High demand is a good thing, right?

Under normal circumstances, generating so much demand for a product that you’re nearly selling out would be a dream! During a global health crisis, not so much. 

The problem lies in the uncertainty of the post-COVID world.

If businesses run out of stock now, they are in a precarious position for the foreseeable future. 

Look at Yardbird, for example, a direct-to-consumer outdoor patio furniture seller. They saw a 400% year-on-year increase in sales in May alone, and in just 15 days they reported more website traffic than they had seen for all of 2019.

So, why is this a problem?

Like many businesses, Yardbird had ordered enough inventory to last them through their peak season, the end of August. They are now likely to sell-out within a few weeks. Because their inventory is imported from overseas, re-stocking is more difficult due to COVID-19. 

Like many businesses, if Yardbird can’t restock they will stop making money when their current inventory runs out. Even if they could easily restock, as states begin re-opening, demand for their product may or may not stay the same.

Businesses like Yardbird have to navigate a careful balancing act. 

Run out of inventory and be unable to restock, they lose money.

Restock too much inventory and demand goes down, they lose money. 

What can brands do to help keep customers happy with a slowing supply?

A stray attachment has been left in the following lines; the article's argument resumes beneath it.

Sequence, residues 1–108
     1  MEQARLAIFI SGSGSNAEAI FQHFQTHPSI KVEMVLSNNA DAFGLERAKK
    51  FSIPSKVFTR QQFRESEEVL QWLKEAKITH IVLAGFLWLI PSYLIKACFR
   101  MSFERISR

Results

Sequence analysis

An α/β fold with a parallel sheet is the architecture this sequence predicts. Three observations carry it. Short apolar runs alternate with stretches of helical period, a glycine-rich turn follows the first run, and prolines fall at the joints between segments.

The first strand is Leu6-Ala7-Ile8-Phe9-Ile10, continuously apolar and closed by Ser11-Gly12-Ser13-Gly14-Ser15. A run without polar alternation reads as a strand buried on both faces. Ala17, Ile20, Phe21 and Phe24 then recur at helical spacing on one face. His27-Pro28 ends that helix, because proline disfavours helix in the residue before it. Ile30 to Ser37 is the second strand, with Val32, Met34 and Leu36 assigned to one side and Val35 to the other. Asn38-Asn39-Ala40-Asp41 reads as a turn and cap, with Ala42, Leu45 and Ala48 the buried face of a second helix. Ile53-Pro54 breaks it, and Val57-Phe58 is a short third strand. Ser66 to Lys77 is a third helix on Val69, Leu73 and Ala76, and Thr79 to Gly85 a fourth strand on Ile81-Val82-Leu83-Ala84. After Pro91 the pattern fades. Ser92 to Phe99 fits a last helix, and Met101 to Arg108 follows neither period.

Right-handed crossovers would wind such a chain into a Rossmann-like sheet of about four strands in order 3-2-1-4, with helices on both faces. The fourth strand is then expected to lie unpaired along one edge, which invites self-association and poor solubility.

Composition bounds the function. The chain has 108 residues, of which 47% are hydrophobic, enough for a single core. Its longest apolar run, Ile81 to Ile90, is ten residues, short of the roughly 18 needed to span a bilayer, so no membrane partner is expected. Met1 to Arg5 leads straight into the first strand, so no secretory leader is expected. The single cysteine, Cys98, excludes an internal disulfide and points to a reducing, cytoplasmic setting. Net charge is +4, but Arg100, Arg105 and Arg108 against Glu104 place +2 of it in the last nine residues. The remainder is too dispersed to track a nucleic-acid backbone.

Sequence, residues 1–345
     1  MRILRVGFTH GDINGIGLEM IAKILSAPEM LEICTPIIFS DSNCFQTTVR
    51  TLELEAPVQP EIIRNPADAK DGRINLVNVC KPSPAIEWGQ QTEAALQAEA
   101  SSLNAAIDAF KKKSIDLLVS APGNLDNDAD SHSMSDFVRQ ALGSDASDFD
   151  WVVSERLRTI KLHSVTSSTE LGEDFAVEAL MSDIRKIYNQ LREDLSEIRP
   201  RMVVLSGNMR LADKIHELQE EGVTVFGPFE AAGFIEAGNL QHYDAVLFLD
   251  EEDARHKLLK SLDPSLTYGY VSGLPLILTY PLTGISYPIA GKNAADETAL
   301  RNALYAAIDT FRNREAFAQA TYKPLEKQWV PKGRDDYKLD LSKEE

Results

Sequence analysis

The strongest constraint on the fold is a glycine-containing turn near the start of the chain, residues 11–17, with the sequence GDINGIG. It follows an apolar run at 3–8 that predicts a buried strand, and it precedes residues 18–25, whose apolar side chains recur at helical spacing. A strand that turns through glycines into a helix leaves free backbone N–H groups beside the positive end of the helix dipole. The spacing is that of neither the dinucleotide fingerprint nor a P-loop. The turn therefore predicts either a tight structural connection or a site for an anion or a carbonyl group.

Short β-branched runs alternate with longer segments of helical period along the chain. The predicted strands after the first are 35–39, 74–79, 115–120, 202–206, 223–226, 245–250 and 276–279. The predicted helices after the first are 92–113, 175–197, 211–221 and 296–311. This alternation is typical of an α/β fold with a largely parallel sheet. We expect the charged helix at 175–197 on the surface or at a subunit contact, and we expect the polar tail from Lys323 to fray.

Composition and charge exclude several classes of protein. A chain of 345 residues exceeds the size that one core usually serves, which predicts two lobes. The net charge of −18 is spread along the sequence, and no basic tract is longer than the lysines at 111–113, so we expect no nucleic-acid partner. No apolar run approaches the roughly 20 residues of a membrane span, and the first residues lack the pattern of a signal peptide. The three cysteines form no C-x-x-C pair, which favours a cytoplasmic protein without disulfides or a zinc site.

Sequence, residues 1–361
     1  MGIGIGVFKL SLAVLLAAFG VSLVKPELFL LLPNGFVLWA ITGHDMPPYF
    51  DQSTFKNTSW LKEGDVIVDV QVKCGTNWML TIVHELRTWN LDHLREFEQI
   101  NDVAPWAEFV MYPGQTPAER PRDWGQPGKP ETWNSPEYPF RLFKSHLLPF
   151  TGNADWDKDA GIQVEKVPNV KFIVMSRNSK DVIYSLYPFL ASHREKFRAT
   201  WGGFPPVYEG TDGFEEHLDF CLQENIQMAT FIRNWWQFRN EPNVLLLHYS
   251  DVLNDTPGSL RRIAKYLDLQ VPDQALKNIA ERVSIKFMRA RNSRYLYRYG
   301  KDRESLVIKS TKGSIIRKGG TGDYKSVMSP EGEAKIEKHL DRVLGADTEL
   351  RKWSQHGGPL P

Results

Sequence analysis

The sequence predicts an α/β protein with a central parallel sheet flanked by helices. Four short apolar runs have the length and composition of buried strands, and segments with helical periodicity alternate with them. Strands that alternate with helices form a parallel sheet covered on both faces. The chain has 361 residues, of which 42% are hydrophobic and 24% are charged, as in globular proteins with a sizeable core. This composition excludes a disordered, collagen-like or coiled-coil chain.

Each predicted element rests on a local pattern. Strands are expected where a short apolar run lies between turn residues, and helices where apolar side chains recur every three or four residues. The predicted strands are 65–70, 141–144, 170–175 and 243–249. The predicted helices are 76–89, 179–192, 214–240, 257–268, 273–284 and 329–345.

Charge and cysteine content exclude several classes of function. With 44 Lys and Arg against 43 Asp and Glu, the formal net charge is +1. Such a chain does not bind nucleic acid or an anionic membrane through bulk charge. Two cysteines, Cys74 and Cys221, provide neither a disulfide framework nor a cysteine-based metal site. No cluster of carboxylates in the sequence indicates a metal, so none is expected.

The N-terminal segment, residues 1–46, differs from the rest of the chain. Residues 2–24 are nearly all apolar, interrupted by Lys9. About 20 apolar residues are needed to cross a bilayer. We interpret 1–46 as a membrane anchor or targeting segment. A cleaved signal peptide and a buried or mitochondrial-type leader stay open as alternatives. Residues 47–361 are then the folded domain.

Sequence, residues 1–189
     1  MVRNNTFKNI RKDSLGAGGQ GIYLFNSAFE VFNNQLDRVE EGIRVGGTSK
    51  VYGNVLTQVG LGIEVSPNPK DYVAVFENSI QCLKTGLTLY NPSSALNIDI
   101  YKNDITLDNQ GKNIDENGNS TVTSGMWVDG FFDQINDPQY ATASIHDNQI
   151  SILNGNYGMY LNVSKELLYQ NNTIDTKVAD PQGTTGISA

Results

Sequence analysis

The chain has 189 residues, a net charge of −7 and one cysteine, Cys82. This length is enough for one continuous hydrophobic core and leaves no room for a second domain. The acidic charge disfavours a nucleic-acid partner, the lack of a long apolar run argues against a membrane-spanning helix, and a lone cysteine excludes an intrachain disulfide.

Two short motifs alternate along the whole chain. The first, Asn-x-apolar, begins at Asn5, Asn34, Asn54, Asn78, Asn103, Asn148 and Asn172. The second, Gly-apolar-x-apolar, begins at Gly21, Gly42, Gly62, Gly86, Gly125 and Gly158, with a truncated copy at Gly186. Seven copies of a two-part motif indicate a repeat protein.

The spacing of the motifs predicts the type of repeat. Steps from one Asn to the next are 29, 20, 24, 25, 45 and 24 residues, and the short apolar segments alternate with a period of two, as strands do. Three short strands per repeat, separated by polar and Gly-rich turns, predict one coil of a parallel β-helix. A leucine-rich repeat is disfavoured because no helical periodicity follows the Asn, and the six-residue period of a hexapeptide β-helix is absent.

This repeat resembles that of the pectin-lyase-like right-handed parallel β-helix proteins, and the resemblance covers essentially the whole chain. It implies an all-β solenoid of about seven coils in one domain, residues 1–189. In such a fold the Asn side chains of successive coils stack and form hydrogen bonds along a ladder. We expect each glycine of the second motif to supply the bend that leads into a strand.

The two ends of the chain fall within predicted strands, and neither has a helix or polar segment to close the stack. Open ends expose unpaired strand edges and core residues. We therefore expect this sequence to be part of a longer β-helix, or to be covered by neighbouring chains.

All this doesn’t mean that businesses have to stay stuck in limbo while the current crisis plays itself out. There are ways to maintain a relationship with consumers while the supply chain stabilizes. 

Find other ways to provide value while customers are waiting for items to arrive or restock.

I don’t know about you, but I know at least 10 people that have ordered a Peloton bike since the quarantine began. Because of the sudden high-demand for their already in-demand product, Peloton customers have had to endure long waits for delivery.

But Peloton didn’t let that stop customers from being able to get value from their brand right away. They offered their fitness app for free for 90 days. The app contains at-home workouts that don’t require their signature equipment. 

Not only does the app allow customers who are waiting on their bike to still get a good workout, but it also gives would-be customers a taste of Peloton's service for free while stuck at home. 

Make order cancellations easy

Because it’s tough to anticipate inventory needs right now, distributors like Gym Source, who specializes in at-home fitness equipment, are implementing “no questions asked” cancellation policies. This helps alleviate risks for the retailers who order their inventory from Gym Source by offering them the flexibility to place an order based on current demand, and to cancel it if things shift.